Alberta Mirror

Sunday, November 28, 2021

Catalytic converter steals up over Alberta despite legislation to restrain crime

Key takeaways: 

  • Safeguarding the Alberta industry from Theft Act was issued the previous year. 
  • Edmonton’s Food Bank has had numerous catalyst convertors looted in recent years. 

Catalytic converters were stolen across the country: 

Catalytic converter robberies have increased over Alberta in spite of legislation targeted at dissuading their sale. 

Catalytic converters are part of a drain method, turning pollutants to lower toxic materials before they are removed. They hold a low quantity of metals such as platinum, palladium and rhodium, which have increased in value in present years. 

Their robbery and sale are an issue seen over Canada. Edmonton’s Food Bank has had some stolen off the truck it utilizes for delivery.  

“It’s unlucky that not only are the food banks and other non-profits being aimed, but peoples too,” stated spokesperson Tamisan Benz-Knight.  Source – cbc.ca

“That somebody just requires to get up, go to work, and they even are not able to start their car in the morning.” Source – cbc.ca

Read more: General working from will finish at some point

She stated towing trucks and restoring robbed converters price money that could be better utilized for fund work.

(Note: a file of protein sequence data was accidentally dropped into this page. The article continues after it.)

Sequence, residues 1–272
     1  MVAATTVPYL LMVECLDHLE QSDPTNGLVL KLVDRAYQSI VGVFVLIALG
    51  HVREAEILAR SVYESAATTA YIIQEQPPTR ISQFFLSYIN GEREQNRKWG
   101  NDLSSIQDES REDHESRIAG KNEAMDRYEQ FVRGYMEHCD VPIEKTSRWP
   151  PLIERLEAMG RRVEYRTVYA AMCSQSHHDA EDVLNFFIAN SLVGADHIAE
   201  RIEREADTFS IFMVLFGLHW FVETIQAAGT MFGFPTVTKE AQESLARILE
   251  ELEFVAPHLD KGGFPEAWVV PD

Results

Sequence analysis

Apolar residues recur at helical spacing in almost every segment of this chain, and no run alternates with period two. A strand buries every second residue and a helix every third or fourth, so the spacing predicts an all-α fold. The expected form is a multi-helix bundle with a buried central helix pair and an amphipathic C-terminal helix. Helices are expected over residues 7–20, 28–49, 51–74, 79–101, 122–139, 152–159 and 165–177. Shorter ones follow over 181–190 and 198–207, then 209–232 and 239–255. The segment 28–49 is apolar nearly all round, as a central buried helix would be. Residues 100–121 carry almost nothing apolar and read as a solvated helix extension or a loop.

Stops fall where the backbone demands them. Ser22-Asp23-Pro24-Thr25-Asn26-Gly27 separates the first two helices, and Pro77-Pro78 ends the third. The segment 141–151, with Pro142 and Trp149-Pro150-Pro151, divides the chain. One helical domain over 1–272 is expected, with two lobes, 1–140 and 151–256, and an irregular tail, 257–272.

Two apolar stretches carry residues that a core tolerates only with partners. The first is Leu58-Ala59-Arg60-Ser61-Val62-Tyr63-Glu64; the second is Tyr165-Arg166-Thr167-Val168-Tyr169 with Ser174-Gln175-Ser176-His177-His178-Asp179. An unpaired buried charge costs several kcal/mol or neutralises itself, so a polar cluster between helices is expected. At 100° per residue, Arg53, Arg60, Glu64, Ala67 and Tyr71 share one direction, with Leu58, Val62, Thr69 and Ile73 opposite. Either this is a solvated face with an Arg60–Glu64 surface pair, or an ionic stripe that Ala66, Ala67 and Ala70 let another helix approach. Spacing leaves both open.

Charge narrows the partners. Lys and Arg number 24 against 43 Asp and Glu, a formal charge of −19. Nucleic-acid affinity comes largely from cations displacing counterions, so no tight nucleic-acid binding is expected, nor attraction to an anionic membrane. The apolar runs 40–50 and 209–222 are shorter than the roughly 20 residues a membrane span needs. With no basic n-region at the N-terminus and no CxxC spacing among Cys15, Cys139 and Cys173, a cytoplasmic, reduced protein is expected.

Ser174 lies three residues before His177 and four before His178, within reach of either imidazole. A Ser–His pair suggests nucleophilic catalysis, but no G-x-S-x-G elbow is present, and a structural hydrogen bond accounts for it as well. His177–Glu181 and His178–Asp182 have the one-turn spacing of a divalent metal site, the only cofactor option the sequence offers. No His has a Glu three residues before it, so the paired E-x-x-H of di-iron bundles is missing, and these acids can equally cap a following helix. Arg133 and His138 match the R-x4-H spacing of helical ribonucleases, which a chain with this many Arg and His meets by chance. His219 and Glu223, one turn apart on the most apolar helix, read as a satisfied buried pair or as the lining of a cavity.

Alberta issued the Protecting Alberta Industry From Theft Act in 2020, targeted at creating it tougher for criminals to vend robbed metal for scrap.

It makes requirements for dealers to record deals to Law Enforcement and for all payments to be made utilizing detectable types of currency, such as electronic transfers or cheques. 

Venders are also required to provide a government-issued photo ID with dealers needed to report and keep a vendor’s ID information as well as details of the transactions. 

But since the legislation went into full result on Nov 1st of the year, catalytic converter robberies have still risen over the region. 

In Edmonton, there were 2,484 recorded catalytic converter robberies between Nov 1, 2020, and Oct 31, 2021, a rise from 1,697 across the similar period the past year. 

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